It might be just two issues into Dan Slott and Michael Allred's "Silver Surfer," but it already feels like a real winner. In short, Slott and Allred are bringing all of the strangeness that you need to make a "Silver Surfer" comic feel far-reaching and cosmic, but at the same time still find a way to make it just grounded enough to help readers relate to it.
With the former, Slott has worked in a lot of big new crazy ideas right off the bat. The Marvel Universe's outer space areas range from the familiar to the bonkers, and the Silver Surfer works best in the latter. Fighting the Kree or the Skrulls feels more like a job for the Avengers; here, the Silver Surfer is going up against the Never Queen to try and defend the impossible massive space city known as the Impericon. It feels instantly different and -- dare I say it -- alien, even as Slott provides the prerequisite twists and surprises along the way as we learn more about the Never Queen's motives to destroy the Impericon.
At the same time, though, Slott has a bit of down-to-Earth mentality in the form of Dawn Greenwood, the young woman who never wanted to leave Anchor Bay, Massachusetts, only to get whisked into the Impericon and held ransom to make the Silver Surfer help its residents. Dawn's not a damsel in distress, though, which is a relief. She might be someone who wants to stay in her hometown for all of her life, but she's smart and quick on her feet, and she's definitely not a shrinking violet. We saw those traits both in the first issue and in flashbacks at the start of "Silver Surfer" #2, but it's still fun to watch her unleash her brain against the Impericon. And when you add in the strange connection she has to the Silver Surfer, it adds in an almost dreamlike quality to both her and the overarching story. I like the fairy tale aspect of them, a match where neither side even knows that the other exists. It's a nice touch.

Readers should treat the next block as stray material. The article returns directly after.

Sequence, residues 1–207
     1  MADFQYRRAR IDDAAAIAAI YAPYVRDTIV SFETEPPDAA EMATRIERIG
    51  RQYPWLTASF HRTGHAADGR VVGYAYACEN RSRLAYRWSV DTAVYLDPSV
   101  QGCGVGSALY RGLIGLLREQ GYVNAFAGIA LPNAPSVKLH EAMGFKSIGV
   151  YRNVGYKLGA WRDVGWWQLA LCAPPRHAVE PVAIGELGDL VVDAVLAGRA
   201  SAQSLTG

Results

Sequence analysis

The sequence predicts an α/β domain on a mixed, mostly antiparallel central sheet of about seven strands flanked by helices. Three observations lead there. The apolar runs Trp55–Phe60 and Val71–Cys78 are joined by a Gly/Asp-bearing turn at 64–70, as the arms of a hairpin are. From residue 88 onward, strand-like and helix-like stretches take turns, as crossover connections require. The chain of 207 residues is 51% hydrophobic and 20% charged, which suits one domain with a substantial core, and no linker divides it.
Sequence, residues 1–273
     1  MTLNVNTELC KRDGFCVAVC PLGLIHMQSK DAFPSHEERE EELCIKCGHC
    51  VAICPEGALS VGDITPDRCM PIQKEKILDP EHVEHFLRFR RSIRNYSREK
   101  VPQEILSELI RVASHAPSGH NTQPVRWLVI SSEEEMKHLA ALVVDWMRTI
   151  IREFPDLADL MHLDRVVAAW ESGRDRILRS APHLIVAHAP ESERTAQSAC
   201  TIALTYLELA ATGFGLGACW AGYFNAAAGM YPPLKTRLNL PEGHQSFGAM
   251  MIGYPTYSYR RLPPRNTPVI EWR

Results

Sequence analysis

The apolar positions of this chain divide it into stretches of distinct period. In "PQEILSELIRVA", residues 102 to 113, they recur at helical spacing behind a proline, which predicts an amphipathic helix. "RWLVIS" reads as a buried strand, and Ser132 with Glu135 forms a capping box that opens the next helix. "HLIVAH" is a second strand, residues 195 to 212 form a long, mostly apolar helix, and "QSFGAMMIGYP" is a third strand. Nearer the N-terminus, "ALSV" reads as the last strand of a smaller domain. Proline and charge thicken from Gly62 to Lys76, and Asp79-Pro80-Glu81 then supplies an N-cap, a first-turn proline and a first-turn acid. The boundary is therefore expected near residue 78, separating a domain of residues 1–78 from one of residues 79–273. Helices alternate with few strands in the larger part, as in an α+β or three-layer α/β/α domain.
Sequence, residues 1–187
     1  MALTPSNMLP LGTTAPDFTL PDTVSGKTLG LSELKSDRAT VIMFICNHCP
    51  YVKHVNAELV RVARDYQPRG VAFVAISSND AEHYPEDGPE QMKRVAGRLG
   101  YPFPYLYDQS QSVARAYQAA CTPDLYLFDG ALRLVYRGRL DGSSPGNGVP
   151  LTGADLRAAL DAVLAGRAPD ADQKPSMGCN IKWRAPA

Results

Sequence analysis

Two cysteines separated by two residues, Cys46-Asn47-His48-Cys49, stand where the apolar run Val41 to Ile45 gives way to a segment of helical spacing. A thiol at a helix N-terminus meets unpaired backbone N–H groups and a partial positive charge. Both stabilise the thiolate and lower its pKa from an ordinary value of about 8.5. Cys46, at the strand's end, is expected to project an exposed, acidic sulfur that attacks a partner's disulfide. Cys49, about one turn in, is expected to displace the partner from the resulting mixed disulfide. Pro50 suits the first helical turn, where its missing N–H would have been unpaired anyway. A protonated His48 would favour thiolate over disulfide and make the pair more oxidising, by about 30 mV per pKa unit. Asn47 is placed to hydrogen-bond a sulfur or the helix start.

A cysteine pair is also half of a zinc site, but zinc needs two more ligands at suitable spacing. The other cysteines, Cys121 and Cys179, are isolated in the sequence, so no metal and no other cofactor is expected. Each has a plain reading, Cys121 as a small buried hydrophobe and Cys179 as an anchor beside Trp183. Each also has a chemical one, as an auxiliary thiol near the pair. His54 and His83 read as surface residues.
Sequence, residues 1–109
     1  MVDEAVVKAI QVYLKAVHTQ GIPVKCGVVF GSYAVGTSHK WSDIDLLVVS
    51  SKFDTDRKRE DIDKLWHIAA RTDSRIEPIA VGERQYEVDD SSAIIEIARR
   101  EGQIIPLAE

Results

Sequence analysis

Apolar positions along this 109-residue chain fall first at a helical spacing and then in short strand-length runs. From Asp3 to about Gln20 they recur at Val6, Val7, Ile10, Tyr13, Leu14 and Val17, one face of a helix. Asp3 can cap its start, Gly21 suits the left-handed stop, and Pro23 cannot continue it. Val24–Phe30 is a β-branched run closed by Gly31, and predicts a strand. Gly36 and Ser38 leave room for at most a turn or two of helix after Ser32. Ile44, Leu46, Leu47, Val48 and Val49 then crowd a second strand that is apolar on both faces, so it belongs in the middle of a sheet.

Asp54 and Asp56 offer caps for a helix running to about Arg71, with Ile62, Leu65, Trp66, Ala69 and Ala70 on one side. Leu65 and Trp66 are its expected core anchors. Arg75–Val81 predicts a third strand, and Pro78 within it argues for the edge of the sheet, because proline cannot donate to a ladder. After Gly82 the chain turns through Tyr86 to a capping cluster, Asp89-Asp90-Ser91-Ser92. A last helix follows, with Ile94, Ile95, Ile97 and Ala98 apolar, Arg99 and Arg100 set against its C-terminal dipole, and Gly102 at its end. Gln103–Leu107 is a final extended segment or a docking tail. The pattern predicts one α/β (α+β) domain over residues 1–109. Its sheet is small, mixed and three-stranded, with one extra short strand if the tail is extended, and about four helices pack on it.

It almost goes without saying that "Silver Surfer" #2 looks fantastic thanks to the Allreds. Michael Allred's pencils and inks are as clean and crisp as you could hope, here. Dawn and Eve's performance in a production of Snow White as children is a riot thanks to the way that he draws them, with Eve seething while Dawn mugs for the audience. There's nothing like an elementary school stomping off the stage with her hands in little balls, while her twin sister continues to wave in an adorable manner. The adult Dawn looks great, too; she's got the strong fashion sense that I expect from all characters drawn by Allred, and she's adorable without needing to look model-fantastic or unrealistic.
The aliens in "Silver Surfer" #2 also are strong under Allred's direction. Mr. Plorp might be a big green mass, but at the same time Allred makes him look, well, sweet. The aliens that deliver the food could have just been featureless robots, but instead their costumes are intricate and eye-catching; Allred makes sure to take care that nothing is taken for granted here. Add in Laura Allred's always great colors -- they're bright and vibrant without ever being distracting -- and you end up with a fantastic looking comic.
"Silver Surfer" #2 was a thoroughly fun comic. I haven't regularly read a "Silver Surfer" comic in ages, but thanks to Slott and Allred, that's about to change. Definitely good stuff and worth your time to check out for yourself.